The journey from the Gramona farm to Mas Escorpí passes by the Bourguignon vineyard. Looking toward Riu de Bitlles, we can see a dry stone wall that separates this vineyard from the Serreta one, which is a bit higher up. The wall also supports the slope along the boundary between the two vineyards.
Built into the wall we can see a circular shelter, which is wider at its base than its roof. Above the wooden door, a flat lintel made of a single stone secures the opening. Just in front of this structure is a small semi-circular terrace, which facilitates access and acts as a buttress for the construction. This shelter was used to store the glass bottles in which a sweet wine made from raisined grapes used to be aged. We made this wine a while ago from grapes harvested from the Serreta vineyard with the wine’s ageing taking place just a few metres from the vines where the fruit had grown.
In February 2023, Mallorcan stone craftsmen helped us refurbish the shelter and the wall. It isn’t easy to find these craftsmen; the dry stone construction technique is not simple, it takes experience to do it well, and especially to rebuild structures using this method. Our vineyards are home to dry stone structures which we try to keep in the best condition possible.
Dry stone walling is an ancient building system that is approximately 10,000 years old. The last wave of mass construction with dry stone in Penedès took place at a time when phylloxera was wiping out the vineyards of Champagne and supplying the French wine producers proved to be a good business for the local winegrowers. Shelter was needed for tools, draft animals and people, as they worked in vineyards that were increasingly far from inhabited areas. With this expansion, land at increasingly higher altitudes was turned into vineyards and terraces had to be built to transform the hillside into land suitable for winegrowing.
These needs were met as quickly as possible and using elements within easy reach. This is the essence of this technique: a strategy of minimum effort and maximum performance. To make the land suitable for working, it had to be cleared of the large stones that could damage tools or impede the winegrowers’ work. These same stones were used to build the various structures, from walls to shelters or wells.
This technique was learnt through practical experience. Choosing each stone is as essential as the skill to get them to fit together. There are several ways to build a structure. One of the most common, and the one used for the Bourguignon vineyard shelter, is by overlaying stone blocks. Once the wall is built, to achieve a dome-shaped enclosure, rows of flat stones must be laid and secured, either by shaping them into squares with a tool or supporting them with smaller stones. Each stone block is placed slightly inside the previous one to build the false dome. The ceiling vault is closed with one or more flat stones, called “keystones”. The structure is then completed by covering it with earth and then fixer plants, such as English irises, are planted, which help protect the structure from wind and rain.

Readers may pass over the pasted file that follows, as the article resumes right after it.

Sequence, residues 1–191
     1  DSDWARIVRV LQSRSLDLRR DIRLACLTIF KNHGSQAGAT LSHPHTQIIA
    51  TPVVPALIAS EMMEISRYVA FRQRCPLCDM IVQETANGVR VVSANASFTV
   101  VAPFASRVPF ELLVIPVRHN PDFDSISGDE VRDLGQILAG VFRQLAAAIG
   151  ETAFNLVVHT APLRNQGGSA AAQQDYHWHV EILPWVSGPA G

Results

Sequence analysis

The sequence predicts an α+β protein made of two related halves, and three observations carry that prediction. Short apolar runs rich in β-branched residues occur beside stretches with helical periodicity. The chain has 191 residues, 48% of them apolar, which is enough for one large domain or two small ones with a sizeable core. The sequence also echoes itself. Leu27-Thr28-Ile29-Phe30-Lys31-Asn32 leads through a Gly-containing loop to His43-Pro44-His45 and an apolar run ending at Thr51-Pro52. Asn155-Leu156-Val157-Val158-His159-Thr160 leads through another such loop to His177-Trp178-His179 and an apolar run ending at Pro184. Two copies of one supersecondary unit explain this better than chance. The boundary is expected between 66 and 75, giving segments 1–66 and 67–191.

Part of the landscape, part of life
Dry stone walls perform several functions. They delimit land and prevent flocks of sheep from wandering across the fields. When they are used to create terraces on a hillside, water moves down the slope more slowly, meaning farmers can make better use of it and the danger of landslides decreases. They act as a habitat for small animals and insects, and especially for moss and lichen, which fill the vineyards with life. They organise and shape the agricultural landscape, they delay erosion, and they help retain moisture in the soil. During the day, they accumulate solar energy and contribute to creating a microclimate conducive to agriculture. Although they are normally not very tall, these walls provide protection from strong winds. In terms of the material, in the Penedès region, limestone reigns supreme.
In addition to the shelter in the Bourguignon vineyard, on our estate, there are examples of this traditional architectural discipline in the walls along several paths, in the forest by the farm, and in the Ágora, Dòlmen and Serra vineyards.
In 2018, UNESCO added the art of dry stone walling to its list of Intangible Cultural Heritage. We view the task of maintaining the existing structures as another expression of our respect for previous generations and our desire to maintain a rich, functional ecosystem that is consistent with the local area.
In addition to property owners who are aware of this discipline, there are several organisations made up of volunteer builders who locate, catalogue, and often rebuild dry stone structures. One such organisation is the Centre Excursionista del Penedès, which has a dry stone construction section. In Catalan-speaking areas, thanks to the long history of several local initiatives, the Associació per la Pedra Seca i l’Arquitectura Tradicional (Association for Dry Stone and Traditional Architecture) was founded in 2015. This Association is mainly dedicated to promoting and coordinating actions to safeguard popular architectural heritage made from dry stone walls. The Wikipedra page, part of the Observatori del Paisatge de Catalunya (Landscape Observatory of Catalonia), which operates entirely on a volunteer, cooperative basis, inventories, catalogues, and collects information on dry stone constructions.
At Gramona we share the original spirit of the builders: making use of and caring for our surroundings with the resources the earth provides. And we celebrate all the initiatives that help raise awareness of and maintain this important cultural heritage.